Teaching An Old Dog New Tricks

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Photo by Charles on Pexels.com

I am a planner, a controller, a doer. I usually fill up my calendar and keep myself organized and busy. I’m like the energizer bunny on steroids. I make my bed each morning and put everything away in its place each evening. I know what I am going to do and how I will accomplish it weeks in advance. I rarely waste a single minute of each day even in retirement. Suddenly my way of living for a lifetime has been upended. My calendar is empty. I’ve come to fully appreciate my mother’s mantra of “God willing” when agreeing to any future activities. Covid-19 has forced me more than any other event in my life to slow down and smell the roses. 

I now allow myself to stay awake until 2:00 in the morning if something catches my interest late at night. I no longer feel guilty about sleeping until 9:00 in the morning or staying in my pajamas until noon. I eat ice cream and make banana bread instead of worrying about my waistline. I have not used makeup since February. The only time I wear shoes is when I’m walking on my treadmill or working in the yard. I “attend” mass on Sundays in jeans and baggy t-shirts. I get great joy out of very small things like a strikingly lovely bumble bee who hovers over my hibiscus bush or the family of cardinals that feast at my bird feeder. I enjoy the laughter of the children playing in my neighborhood as much as the sound of a symphony. I celebrate the mere act of waking up each morning and still being virus free. 

It’s not easy to set aside a lifetime of habits. Nothing before made me change my ways, not even retirement. I measured the success of my day by the number of my accomplishments. I judged myself on the miles that I walked, the pages that I wrote, the places that I went. As I erased my future plans one by one from my calendar I became less and less sad. They were just ways of filling the time, small sacrifices compared to the ones that so many people have been making. I realized that nothing that I did was as important as doing my part to help slow the spread of Covid 19. That meant curtailing my usual activities and being conservative in my outings and contacts with people. 

I’ve had to find ways to make my quietly mundane days bearable. In doing that I slowed my pace and learned to revel in silence. I have always struggled with the idea of meditation because my mind seems always to be racing. In the past many weeks I have enjoyed sitting and listening to my own breathing. I have felt the pulsating beat of my heart. I have noticed the wind and the birds and rain falling on the pavement. I have felt a greater appreciation of just being alive.

I would love to go back to church and sit among the people there. I want to get my hair trimmed and enjoy a pedicure. I long to hug the members of my family and my dear friends. I want to travel again before I grow so old that I am no longer able to walk for miles exploring new places. I dream of  being able to visit my aunts and uncle who are in nursing homes once again. I miss having tea time with my niece. I find that there is little else that I now want to do. I don’t need to shop or eat out or go to a movie theater. I don’t want to run around all day doing things that I may accomplish inside my home. Covid 19 has allowed me to think deeply about what is most important.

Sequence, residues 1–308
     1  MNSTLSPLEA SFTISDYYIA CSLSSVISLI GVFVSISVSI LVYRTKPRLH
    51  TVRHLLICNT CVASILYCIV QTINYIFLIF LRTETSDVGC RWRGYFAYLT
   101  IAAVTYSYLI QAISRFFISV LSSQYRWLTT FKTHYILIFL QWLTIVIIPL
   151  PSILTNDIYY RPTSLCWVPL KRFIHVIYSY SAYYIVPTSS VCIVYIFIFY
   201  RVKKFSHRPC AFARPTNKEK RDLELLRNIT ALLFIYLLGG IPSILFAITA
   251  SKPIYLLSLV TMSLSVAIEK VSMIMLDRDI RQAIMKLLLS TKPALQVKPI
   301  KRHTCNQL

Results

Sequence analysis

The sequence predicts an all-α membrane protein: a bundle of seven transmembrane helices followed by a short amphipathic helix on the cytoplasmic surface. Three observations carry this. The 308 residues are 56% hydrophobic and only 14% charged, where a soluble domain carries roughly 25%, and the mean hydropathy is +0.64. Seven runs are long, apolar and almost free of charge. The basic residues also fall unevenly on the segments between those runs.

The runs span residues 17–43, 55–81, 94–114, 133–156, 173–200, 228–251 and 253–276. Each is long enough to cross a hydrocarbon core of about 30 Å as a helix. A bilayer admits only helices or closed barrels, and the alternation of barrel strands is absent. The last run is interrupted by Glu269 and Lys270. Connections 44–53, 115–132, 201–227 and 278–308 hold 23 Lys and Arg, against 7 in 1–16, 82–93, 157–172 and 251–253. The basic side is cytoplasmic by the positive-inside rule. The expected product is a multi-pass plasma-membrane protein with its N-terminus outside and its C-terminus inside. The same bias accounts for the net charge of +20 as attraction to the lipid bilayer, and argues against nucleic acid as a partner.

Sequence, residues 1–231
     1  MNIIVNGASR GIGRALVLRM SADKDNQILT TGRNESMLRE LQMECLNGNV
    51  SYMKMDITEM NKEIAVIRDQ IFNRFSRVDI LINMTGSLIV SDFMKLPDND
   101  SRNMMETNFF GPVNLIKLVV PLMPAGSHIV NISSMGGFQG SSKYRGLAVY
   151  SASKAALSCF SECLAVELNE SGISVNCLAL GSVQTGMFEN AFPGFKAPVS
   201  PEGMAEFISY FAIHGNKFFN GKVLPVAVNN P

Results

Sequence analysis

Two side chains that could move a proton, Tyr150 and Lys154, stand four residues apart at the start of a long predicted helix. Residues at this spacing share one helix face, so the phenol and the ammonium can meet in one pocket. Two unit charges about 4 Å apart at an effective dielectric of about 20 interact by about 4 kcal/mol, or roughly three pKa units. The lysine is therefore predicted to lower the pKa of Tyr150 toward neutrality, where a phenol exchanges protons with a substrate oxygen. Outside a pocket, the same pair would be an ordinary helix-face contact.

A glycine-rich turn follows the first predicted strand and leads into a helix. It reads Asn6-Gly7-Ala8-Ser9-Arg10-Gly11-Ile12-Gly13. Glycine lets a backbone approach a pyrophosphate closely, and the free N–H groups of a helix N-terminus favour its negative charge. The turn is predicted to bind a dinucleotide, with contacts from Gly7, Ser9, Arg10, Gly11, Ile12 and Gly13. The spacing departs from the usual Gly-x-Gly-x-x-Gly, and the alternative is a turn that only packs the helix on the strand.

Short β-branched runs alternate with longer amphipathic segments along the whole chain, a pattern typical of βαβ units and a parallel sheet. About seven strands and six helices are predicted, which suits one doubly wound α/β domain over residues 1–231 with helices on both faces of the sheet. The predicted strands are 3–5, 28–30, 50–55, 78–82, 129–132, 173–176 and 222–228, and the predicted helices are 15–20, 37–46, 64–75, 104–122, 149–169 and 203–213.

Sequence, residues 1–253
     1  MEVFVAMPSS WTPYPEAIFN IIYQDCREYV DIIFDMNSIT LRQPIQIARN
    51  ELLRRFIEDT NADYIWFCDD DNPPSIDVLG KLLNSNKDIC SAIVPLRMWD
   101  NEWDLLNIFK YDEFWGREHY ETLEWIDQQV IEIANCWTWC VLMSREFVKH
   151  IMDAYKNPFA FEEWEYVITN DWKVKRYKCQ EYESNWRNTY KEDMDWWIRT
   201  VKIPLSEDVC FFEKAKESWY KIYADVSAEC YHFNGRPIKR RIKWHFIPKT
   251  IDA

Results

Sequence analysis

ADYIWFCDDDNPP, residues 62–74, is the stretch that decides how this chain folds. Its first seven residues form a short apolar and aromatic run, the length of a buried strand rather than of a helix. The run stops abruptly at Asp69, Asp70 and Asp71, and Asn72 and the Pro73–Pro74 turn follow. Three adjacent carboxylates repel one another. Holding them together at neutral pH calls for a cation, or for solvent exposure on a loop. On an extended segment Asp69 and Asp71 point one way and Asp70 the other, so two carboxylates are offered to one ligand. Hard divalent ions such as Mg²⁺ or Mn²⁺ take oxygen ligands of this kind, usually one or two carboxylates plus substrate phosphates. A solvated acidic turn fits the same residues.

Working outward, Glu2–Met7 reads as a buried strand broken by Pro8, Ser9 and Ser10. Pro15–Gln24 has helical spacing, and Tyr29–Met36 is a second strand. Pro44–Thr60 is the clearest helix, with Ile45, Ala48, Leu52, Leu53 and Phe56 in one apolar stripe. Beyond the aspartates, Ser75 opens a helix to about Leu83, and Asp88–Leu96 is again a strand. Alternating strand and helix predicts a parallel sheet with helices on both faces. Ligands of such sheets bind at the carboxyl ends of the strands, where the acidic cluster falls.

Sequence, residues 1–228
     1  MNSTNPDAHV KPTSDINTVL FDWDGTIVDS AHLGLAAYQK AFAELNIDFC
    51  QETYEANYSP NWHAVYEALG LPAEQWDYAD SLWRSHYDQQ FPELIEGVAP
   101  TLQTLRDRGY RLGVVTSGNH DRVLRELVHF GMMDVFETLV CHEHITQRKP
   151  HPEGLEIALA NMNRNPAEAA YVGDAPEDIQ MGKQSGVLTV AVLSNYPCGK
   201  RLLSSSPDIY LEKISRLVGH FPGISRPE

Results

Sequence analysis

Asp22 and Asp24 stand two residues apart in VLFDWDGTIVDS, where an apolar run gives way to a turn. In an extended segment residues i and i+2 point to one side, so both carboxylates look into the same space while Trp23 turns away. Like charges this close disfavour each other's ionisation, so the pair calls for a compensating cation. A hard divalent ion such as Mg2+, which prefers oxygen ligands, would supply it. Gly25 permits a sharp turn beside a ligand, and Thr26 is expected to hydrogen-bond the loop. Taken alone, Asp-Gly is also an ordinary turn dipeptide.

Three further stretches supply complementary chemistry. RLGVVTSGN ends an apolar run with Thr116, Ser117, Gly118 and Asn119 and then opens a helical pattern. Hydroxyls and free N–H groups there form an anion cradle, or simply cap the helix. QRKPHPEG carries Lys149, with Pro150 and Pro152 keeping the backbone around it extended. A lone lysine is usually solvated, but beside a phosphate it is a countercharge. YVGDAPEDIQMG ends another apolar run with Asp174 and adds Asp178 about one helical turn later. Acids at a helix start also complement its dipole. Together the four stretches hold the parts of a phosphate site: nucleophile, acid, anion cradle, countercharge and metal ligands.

I am happy to do my part to help end this tragic occurrence that has so changed our world. I still teach my little band of students remotely. I wear my mask willingly. I order my groceries through Instacart and give the workers who bring them to me very generous tips because I so appreciate what they doing. I get most of everything else I need from Amazon or by purchasing from other online vendors. I support local restaurants by getting take out now and again. I mostly take rides for diversion rather than mixing it up with people in enclosed spaces. I’ve already signed up for voting by mail to insure that I will be able to cast my vote in November no matter what the state of things may be.  

They say you can’t teach an old dog new tricks but somehow Covid 19 has managed to do that for me. In a strange way it has actually made me more aware and thankful. Nonetheless I feel great sadness for those who have been so hurt by this sometimes deadly virus. I cry at the news of a teenager losing both of his parents or the story of an elderly couple dying on the same day. It is difficult to see Covid 19 as anything other than a great tragedy. I pray constantly that an end to all of the suffering will come sooner rather than later. I pray that each of us will do whatever it takes to make that happen. I pray that we will never forget how dependent we are on one another. I pray that I will spend however many days and years I have left on this earth always remembering what is truly important. 

 

Sameness